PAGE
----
I measured the input capacitance of a MOSFET and found it was greater than an IGBT. Why is this? Is it due to the Miller capacitance seen in a MOSFET?
Miller capacitance is nothing that you can easily measure with a cap-meter. The effect comes from the voltage on one pin falling such that less voltage difference is seen on more of the area, such that more charge can flow on the gate. For an IGBT this effect is not present so much, since the MOSFET in front of the BJT does not see the full voltage swing which a single mosfet would see if it was used instead. Further, since there is more amplification going on in an IGBT, it probably has a much smaller MOSFET inside while the BJT is big.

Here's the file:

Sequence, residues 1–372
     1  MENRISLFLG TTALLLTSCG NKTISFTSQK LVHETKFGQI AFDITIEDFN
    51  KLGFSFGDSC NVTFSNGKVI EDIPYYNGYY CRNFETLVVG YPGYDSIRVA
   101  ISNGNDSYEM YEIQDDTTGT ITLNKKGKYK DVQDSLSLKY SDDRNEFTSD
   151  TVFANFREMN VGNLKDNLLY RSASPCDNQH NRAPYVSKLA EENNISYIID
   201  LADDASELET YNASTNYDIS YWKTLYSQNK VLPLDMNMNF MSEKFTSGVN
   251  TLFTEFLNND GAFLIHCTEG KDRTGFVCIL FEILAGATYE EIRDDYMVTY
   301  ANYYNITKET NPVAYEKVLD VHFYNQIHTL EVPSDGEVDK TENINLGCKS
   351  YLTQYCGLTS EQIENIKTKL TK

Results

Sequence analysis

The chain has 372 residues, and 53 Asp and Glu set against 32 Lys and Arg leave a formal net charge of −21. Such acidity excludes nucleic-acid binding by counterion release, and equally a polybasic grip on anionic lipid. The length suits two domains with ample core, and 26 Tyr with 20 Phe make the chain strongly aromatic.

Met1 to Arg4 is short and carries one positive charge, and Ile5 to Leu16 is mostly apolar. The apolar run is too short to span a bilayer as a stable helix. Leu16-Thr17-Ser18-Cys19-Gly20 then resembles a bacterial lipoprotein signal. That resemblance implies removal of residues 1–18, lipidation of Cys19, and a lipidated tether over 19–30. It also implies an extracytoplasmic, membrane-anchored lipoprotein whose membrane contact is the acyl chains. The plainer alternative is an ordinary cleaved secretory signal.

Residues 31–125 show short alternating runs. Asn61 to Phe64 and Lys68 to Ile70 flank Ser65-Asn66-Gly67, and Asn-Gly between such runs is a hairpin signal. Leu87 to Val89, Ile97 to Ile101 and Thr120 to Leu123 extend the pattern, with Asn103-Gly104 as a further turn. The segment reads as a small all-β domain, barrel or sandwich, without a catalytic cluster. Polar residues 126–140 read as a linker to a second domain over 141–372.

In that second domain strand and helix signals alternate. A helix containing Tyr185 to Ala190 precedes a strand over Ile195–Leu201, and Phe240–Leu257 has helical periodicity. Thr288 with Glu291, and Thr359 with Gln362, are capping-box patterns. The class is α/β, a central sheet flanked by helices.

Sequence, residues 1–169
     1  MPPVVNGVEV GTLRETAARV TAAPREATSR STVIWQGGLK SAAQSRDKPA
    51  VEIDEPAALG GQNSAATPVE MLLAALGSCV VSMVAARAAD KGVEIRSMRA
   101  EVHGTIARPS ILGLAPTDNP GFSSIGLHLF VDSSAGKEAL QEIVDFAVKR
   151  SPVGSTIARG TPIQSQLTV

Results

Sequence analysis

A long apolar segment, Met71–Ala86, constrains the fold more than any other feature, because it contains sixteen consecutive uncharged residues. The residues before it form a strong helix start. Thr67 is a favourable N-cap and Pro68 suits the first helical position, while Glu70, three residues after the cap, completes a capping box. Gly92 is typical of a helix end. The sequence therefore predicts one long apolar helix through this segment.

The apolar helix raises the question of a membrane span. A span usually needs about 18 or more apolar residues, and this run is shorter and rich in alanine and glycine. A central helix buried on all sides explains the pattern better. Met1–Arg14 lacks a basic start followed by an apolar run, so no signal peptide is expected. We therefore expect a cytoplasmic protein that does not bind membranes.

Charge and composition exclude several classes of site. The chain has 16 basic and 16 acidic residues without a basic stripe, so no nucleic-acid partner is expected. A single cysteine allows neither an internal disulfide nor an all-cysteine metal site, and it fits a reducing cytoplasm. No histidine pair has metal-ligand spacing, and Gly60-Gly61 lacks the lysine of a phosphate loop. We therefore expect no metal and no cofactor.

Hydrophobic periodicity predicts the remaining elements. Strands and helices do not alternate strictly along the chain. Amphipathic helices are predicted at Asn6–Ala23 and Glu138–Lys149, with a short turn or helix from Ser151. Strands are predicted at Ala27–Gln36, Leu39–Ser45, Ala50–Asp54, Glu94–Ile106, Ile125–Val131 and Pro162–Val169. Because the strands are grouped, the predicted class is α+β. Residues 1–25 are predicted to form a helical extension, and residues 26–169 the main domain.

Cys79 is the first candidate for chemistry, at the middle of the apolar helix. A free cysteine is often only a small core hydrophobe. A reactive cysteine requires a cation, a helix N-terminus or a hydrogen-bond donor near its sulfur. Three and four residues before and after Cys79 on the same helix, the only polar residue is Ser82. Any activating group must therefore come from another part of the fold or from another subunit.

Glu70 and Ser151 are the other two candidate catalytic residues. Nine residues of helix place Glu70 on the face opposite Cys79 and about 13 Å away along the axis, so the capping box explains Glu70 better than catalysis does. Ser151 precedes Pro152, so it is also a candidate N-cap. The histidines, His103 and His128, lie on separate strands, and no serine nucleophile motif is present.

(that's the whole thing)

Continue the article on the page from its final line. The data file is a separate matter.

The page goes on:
So it is to be expected that in an IGBT and a MOSFET with roughly the same capabilities, the IGBT has smaller capacity.